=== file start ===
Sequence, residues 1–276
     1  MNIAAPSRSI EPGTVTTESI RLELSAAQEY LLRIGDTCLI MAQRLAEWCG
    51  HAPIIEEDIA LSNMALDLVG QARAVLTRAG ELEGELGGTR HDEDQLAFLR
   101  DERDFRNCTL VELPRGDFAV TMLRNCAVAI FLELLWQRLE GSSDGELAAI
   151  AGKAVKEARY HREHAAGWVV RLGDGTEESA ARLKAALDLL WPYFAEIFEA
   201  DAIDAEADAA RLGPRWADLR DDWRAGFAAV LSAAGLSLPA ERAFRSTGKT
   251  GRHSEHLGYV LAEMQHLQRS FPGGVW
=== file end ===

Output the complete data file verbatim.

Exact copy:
Sequence, residues 1–276
     1  MNIAAPSRSI EPGTVTTESI RLELSAAQEY LLRIGDTCLI MAQRLAEWCG
    51  HAPIIEEDIA LSNMALDLVG QARAVLTRAG ELEGELGGTR HDEDQLAFLR
   101  DERDFRNCTL VELPRGDFAV TMLRNCAVAI FLELLWQRLE GSSDGELAAI
   151  AGKAVKEARY HREHAAGWVV RLGDGTEESA ARLKAALDLL WPYFAEIFEA
   201  DAIDAEADAA RLGPRWADLR DDWRAGFAAV LSAAGLSLPA ERAFRSTGKT
   251  GRHSEHLGYV LAEMQHLQRS FPGGVW